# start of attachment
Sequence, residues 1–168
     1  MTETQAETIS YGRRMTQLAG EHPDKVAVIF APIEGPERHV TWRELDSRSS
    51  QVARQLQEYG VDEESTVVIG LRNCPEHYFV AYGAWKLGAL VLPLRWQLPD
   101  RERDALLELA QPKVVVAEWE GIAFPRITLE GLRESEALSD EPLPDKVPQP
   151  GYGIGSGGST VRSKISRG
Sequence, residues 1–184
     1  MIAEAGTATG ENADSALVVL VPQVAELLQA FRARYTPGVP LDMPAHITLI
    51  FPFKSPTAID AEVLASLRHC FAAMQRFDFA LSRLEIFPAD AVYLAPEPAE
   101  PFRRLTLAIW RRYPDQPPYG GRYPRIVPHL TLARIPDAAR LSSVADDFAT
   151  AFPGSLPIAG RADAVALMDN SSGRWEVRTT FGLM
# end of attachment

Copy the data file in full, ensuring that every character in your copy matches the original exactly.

Sequence, residues 1–168
     1  MTETQAETIS YGRRMTQLAG EHPDKVAVIF APIEGPERHV TWRELDSRSS
    51  QVARQLQEYG VDEESTVVIG LRNCPEHYFV AYGAWKLGAL VLPLRWQLPD
   101  RERDALLELA QPKVVVAEWE GIAFPRITLE GLRESEALSD EPLPDKVPQP
   151  GYGIGSGGST VRSKISRG
Sequence, residues 1–184
     1  MIAEAGTATG ENADSALVVL VPQVAELLQA FRARYTPGVP LDMPAHITLI
    51  FPFKSPTAID AEVLASLRHC FAAMQRFDFA LSRLEIFPAD AVYLAPEPAE
   101  PFRRLTLAIW RRYPDQPPYG GRYPRIVPHL TLARIPDAAR LSSVADDFAT
   151  AFPGSLPIAG RADAVALMDN SSGRWEVRTT FGLM